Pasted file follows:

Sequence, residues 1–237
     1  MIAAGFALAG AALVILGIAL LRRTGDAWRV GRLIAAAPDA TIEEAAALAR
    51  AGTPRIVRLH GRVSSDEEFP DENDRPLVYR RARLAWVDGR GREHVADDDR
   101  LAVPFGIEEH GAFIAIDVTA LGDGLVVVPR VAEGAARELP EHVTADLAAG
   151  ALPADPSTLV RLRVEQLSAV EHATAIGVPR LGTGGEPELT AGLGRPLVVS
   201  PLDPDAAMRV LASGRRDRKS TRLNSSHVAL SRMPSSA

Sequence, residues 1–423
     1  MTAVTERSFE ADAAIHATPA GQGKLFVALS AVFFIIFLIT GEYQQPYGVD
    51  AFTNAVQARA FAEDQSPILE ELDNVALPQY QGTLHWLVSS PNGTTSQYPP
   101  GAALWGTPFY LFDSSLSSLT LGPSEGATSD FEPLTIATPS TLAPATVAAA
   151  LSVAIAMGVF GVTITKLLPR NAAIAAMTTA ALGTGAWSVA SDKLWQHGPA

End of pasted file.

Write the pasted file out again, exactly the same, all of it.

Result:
Sequence, residues 1–237
     1  MIAAGFALAG AALVILGIAL LRRTGDAWRV GRLIAAAPDA TIEEAAALAR
    51  AGTPRIVRLH GRVSSDEEFP DENDRPLVYR RARLAWVDGR GREHVADDDR
   101  LAVPFGIEEH GAFIAIDVTA LGDGLVVVPR VAEGAARELP EHVTADLAAG
   151  ALPADPSTLV RLRVEQLSAV EHATAIGVPR LGTGGEPELT AGLGRPLVVS
   201  PLDPDAAMRV LASGRRDRKS TRLNSSHVAL SRMPSSA

Sequence, residues 1–423
     1  MTAVTERSFE ADAAIHATPA GQGKLFVALS AVFFIIFLIT GEYQQPYGVD
    51  AFTNAVQARA FAEDQSPILE ELDNVALPQY QGTLHWLVSS PNGTTSQYPP
   101  GAALWGTPFY LFDSSLSSLT LGPSEGATSD FEPLTIATPS TLAPATVAAA
   151  LSVAIAMGVF GVTITKLLPR NAAIAAMTTA ALGTGAWSVA SDKLWQHGPA